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The A-List: JARRYD HAYNE (Parramatta, NSW, NRL All Stars & Australia)

Jarryd HayneBy STEVE MASCORD

IN the middle of this interview, Jarryd Hayne’s answers get shorter. It seems like he’s had enough.

Your correspondent has to spell it out: ‘this story has to run to about 1500 words, that’s why I’m asking lots of questions’. There’s a brief nod, and the answers get longer again.

It’s a neat encapsulation of what some people say makes the 21-year-old Parramatta flier tick. There’s a story they tell around South Sydney, about how Hayne’s father Manoa Thompson was worried he would sleep through his alarm and miss a early training session at Redfern.

So he drove to the oval the night before, pulled up in the carpark – and went to sleep there, knowing someone would wake him up as they walked past his car. An apocryphal story, perhaps, but like father, like son. Jarryd Hayne marches to the beat of his own drum and the route he takes to success on the football field is rarely the conventional one.

But he doesn’t leave success waiting. The two of them, Hayne and success, almost always meet at the appointed place and time and get on famously. In fact, Hayne’s best friend in most teams is success.

A-List won’t bore you with stories of pet dogs, banter with team-mates, shopping malls and nearby AFL stars this week. We got Hayne at a NSW media opportunity – a bit before most of the fourth estate descended – and the details make for tedious reading.

The Fiji fullback is sat in one of those cubbyholes they have in the home dressingrooms at Sydney Football Stadium, wearing regulation NSW training gear, and talked into a digital voice recorder.

So after experimenting with Rolling Stone-style profiles and sub-headings, this week we’ll utilise another old journalistic favourite – the Q&A:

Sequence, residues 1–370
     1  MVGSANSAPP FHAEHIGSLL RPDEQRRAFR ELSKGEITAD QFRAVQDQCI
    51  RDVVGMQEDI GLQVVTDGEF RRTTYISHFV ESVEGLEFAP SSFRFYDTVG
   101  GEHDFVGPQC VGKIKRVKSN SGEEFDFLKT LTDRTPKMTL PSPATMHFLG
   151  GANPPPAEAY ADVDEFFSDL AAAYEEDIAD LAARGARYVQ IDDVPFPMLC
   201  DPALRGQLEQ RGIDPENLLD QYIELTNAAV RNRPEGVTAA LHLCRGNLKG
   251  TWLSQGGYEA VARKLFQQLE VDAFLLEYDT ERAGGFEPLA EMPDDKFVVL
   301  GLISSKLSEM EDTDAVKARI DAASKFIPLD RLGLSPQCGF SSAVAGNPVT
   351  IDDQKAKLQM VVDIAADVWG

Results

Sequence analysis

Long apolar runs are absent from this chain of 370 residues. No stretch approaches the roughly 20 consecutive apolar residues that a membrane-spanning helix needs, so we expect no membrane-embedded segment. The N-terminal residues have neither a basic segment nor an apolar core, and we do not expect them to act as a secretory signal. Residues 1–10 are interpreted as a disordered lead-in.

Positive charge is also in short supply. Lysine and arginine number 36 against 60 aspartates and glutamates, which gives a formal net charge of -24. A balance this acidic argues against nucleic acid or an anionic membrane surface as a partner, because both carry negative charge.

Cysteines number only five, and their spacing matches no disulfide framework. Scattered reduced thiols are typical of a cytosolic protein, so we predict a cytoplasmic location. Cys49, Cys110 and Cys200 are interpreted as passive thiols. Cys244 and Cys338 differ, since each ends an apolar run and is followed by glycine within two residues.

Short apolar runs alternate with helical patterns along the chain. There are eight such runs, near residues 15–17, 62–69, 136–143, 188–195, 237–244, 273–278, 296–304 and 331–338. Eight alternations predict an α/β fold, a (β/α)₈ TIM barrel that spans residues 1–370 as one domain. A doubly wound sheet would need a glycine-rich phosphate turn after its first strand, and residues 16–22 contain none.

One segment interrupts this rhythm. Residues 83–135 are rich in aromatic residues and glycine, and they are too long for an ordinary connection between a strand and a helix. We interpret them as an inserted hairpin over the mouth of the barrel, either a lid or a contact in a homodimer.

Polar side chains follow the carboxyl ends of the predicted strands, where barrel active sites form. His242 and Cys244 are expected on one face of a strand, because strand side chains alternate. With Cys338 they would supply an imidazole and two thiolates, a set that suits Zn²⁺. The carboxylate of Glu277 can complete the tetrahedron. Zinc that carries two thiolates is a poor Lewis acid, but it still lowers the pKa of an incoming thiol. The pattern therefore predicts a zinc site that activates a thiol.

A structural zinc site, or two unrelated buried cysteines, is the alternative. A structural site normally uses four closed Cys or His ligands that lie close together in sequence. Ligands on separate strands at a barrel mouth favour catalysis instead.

A-List: You’ve come into Origin camp on the back of Parramatta’s 23-6 loss to Wests Tigers. How do you reflect on that game?

Hayne: “We were a bit rusty, I was a bit rusty myself. It was probably our worst performance all year so I was a bit disappointed but I had a bit of a virus, a stomach bug at the end of the week and that didn’t help. I got it on Friday. We trained pretty late and then we had a sauna session after. We were out in the cold, when I was pretty sweaty. Then Saturday, Sunday I was a bit rusty and I wasn’t sure if I was going to play or not.’’

A-List: How would you sum up the year at Parra? And also your own year?

Hayne: “It’s been tough. It wouldn’t help any club to go through what we’ve been through. To not be coming last is a pretty good effort. To lose our halfback, to lose Feleti (Mateo). To lose one halfback, get a good combination going, and the lose another from the halves combination … it was very tough, it’s really taken it’s toll on the team. The state we’re in now, we’ve pretty much got to play our best every week to be competitive.’’

A-List: You’ve had a new coach coming in and changing things over the summer, there’s blokes off contract who do don’t know what they’re doing next year. Does that have an impact out on the field?